Robin's Reviews > Grocery: The Buying and Selling of Food in America

Grocery by Michael Ruhlman
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really liked it
bookshelves: food-nonfiction, narrative-nonfiction

4 stars based on 3 stars for chapters that I skimmed and 5 for the ones that totally caught my interest.

There were two elements that made me anxious to read this book: one was that I'm a huge fan of Ruhlman's food journalism (SOUL OF A CHEF is at the top of my favorite food/restaurant/chef books), and the other is I love delving into the inner workings of industries, businesses, restaurants, retails stores--heck, I'd even read a book about auto dealerships or realtors if they outlined how everything in the business works. So I couldn't wait to read more about grocery stores and how they operate.

Turns out I was a little disappointed. I still like Ruhlman's style but found some of the chapters less than interesting, although chapters that focused on where produce and meats come from and how they're marketed were informative, as were the chapters on prepared deli foods (who knew they weren't much of a moneymaker?), how new products are found and brought in, and the "healthiness" of many of the foods (and food should be called "nutritious" instead of "healthy").

What fell short (for me anyway) was that the book centered on Heinen's, a family owned store in the east, that is primarily a cross between a supermarket and a Whole Foods, with many specialized and "natural" type of foods (for those of you in Salem, OR, Roth's would be a good comparison, only on a smaller scale), and while he touched on the topic, I wanted more about huge conglomerates such as Safeway, Kroger, et al. Ruhlman also spent a lot of time on the history and development of supermarkets and foods.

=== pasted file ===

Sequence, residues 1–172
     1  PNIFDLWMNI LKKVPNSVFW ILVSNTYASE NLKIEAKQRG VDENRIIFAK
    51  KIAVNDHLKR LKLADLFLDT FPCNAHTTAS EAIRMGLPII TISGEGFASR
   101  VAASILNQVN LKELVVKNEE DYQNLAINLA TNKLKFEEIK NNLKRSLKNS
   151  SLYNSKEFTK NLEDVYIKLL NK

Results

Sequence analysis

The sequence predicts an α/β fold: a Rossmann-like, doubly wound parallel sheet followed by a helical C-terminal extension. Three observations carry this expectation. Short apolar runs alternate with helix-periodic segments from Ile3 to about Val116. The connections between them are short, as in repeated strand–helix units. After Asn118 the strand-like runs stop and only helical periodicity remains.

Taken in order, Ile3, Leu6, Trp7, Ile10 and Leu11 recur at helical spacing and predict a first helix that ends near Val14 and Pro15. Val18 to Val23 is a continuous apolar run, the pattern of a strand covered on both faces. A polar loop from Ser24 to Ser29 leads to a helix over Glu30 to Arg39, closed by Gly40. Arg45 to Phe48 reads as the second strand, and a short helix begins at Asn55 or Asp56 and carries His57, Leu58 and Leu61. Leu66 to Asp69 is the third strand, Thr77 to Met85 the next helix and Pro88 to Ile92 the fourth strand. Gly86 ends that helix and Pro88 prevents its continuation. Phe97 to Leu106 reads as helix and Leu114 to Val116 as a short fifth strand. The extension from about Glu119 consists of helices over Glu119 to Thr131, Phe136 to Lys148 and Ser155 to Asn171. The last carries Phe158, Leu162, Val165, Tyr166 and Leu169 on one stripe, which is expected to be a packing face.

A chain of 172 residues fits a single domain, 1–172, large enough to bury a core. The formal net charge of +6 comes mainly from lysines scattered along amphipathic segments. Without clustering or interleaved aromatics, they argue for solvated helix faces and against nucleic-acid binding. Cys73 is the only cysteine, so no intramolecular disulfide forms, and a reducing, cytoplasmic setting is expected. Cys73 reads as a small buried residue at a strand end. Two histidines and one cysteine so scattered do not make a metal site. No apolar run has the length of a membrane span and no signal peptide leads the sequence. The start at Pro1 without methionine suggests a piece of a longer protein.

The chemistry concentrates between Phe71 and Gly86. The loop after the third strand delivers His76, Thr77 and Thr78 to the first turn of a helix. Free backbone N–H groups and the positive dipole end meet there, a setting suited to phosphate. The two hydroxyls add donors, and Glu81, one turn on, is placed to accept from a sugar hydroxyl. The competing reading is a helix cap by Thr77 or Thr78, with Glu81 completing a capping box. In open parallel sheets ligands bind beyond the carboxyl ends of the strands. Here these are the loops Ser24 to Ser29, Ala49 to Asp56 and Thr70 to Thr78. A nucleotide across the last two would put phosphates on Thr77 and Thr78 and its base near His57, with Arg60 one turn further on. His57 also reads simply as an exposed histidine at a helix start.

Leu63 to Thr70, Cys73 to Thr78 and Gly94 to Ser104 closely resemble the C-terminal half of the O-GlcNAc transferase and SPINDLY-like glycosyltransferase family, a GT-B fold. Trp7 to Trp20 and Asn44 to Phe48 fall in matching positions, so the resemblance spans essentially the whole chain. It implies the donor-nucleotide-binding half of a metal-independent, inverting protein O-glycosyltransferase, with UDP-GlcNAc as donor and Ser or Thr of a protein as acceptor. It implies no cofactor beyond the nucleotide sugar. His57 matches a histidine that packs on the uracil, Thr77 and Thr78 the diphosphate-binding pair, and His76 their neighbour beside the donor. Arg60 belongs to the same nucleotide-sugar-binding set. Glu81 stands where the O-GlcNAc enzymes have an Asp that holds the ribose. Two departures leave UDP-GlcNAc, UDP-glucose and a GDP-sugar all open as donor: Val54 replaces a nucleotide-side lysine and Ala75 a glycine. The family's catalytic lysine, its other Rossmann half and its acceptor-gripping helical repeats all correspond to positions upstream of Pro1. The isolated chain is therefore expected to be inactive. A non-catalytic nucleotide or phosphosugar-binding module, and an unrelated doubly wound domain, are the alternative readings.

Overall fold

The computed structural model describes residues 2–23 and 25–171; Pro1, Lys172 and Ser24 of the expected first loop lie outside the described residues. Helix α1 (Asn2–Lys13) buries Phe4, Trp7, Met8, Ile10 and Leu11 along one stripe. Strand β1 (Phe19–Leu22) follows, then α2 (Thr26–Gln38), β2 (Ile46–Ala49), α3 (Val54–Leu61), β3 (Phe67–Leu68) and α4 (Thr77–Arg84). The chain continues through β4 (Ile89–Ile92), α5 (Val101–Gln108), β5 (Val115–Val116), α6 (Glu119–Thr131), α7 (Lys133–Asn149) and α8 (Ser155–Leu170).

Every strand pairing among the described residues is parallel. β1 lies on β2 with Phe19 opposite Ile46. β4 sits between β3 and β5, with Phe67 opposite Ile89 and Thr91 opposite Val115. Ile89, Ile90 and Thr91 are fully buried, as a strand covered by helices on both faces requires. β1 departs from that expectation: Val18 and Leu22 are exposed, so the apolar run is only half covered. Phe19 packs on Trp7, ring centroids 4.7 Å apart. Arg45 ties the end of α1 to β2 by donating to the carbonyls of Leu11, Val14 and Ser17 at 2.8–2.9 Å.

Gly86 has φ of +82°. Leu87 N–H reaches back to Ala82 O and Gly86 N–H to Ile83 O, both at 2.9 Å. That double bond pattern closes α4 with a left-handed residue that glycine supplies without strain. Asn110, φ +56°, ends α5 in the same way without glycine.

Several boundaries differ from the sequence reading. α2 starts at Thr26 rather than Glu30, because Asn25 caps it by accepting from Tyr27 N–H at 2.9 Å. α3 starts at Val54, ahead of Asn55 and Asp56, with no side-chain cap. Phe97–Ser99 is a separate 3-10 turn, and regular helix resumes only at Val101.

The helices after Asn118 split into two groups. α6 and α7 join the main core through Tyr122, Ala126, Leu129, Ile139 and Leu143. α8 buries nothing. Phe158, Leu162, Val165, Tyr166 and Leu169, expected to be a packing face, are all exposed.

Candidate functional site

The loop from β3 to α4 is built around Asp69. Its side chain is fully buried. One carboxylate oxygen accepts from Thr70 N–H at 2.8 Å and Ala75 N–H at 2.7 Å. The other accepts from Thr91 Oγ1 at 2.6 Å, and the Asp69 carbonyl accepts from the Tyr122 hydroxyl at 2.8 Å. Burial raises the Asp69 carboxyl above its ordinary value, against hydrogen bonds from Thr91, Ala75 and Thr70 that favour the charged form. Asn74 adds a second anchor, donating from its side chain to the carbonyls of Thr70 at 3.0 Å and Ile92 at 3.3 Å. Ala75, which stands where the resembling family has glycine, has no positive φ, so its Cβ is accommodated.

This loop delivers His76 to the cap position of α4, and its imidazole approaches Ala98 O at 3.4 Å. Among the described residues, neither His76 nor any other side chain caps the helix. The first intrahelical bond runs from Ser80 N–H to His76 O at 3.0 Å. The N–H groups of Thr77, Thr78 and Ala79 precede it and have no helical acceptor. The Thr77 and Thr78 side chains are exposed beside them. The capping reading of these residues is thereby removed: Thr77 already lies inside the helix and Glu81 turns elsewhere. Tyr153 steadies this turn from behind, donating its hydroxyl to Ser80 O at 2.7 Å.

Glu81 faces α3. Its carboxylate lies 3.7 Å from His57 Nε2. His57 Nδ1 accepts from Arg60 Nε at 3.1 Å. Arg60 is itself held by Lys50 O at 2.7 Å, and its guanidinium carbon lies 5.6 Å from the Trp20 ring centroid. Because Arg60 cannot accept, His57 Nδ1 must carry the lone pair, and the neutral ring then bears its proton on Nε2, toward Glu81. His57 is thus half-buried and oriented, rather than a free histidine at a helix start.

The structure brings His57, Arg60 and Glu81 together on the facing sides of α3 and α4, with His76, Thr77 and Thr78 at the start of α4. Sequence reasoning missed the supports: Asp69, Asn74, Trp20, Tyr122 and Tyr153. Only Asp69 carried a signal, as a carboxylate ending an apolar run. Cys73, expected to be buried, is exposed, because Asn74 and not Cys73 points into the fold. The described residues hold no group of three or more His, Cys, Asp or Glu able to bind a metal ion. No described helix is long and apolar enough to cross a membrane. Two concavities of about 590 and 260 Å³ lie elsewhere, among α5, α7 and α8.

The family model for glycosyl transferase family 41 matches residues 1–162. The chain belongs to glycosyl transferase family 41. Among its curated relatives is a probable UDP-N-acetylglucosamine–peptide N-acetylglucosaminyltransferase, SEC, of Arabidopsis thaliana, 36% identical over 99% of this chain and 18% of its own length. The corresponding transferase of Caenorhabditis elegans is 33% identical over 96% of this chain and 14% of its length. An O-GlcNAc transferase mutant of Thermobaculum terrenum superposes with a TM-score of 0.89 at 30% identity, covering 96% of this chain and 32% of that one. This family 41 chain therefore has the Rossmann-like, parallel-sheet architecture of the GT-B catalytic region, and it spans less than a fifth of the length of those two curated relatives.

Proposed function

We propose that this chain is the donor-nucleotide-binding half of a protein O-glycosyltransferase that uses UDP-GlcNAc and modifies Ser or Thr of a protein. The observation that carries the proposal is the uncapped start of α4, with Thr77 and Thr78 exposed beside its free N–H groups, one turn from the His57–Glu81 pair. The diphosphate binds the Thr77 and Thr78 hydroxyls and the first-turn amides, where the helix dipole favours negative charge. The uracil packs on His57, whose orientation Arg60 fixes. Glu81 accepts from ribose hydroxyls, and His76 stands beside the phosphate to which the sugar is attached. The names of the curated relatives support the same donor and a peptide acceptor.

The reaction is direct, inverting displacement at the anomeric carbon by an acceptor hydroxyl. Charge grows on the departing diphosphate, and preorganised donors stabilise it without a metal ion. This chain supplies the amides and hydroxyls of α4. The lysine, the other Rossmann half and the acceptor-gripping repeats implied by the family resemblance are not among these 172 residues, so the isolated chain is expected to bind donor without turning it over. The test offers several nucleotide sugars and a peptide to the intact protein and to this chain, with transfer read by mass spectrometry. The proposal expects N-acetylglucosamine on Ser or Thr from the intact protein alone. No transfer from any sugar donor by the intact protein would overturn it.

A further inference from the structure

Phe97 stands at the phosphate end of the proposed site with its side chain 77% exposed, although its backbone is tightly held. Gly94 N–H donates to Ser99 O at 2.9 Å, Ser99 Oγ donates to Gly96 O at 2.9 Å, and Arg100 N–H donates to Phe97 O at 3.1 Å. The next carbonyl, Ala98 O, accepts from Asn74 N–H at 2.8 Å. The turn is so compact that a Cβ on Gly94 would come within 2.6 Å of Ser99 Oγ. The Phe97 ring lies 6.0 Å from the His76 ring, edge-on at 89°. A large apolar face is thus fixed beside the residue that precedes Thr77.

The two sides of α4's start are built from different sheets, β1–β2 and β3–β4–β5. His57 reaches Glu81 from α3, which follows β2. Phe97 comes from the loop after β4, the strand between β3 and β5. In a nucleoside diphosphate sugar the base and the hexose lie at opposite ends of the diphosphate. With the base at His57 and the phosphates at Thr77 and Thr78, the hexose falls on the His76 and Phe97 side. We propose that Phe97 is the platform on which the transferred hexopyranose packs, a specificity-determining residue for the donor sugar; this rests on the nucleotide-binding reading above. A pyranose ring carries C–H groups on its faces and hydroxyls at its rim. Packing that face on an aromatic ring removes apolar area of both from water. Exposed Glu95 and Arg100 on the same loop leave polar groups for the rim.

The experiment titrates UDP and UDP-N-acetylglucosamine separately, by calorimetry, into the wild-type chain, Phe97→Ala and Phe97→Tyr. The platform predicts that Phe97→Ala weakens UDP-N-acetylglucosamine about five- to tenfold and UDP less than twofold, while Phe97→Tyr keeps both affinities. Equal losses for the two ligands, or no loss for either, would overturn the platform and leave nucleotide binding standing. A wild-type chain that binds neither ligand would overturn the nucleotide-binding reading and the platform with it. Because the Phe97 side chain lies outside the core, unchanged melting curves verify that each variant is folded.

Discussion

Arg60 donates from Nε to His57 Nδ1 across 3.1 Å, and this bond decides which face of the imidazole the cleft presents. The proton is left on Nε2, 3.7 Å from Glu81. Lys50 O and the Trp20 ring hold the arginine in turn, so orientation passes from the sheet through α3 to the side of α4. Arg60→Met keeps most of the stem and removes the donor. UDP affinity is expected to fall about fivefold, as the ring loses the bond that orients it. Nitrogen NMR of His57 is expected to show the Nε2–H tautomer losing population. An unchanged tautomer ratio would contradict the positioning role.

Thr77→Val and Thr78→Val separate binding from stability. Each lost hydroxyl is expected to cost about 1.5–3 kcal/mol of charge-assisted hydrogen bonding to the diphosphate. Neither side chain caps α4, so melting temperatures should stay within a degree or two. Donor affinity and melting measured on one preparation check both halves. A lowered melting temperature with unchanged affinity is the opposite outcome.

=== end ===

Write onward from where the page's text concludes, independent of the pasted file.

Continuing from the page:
A phrase that caught my eye was "This is a good rule when evaluating food that is a box or a bag: Read the list of ingredients, and if you can buy each one of them in the grocery store, it's probably real food." So I went to the cereal drawer and looked at the list on two favorites. One said "Contains wheat" and other had a good list until "acacia gum." Hmmmm...

Read this if you want to know about grocery stores and where our food comes from, and especially if you are a frequent shopper at Heinen's or similar stores. The footnotes reminded me a bit of Mary Roach's science writing and fans of hers may enjoy the author's research experiences.

Thanks to the publisher for the advance digital reading copy.
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Reading Progress

March 28, 2017 – Shelved as: to-read
March 28, 2017 – Shelved
March 28, 2017 – Shelved as: food-nonfiction
June 11, 2017 – Started Reading
June 14, 2017 – Shelved as: narrative-nonfiction
June 14, 2017 – Finished Reading

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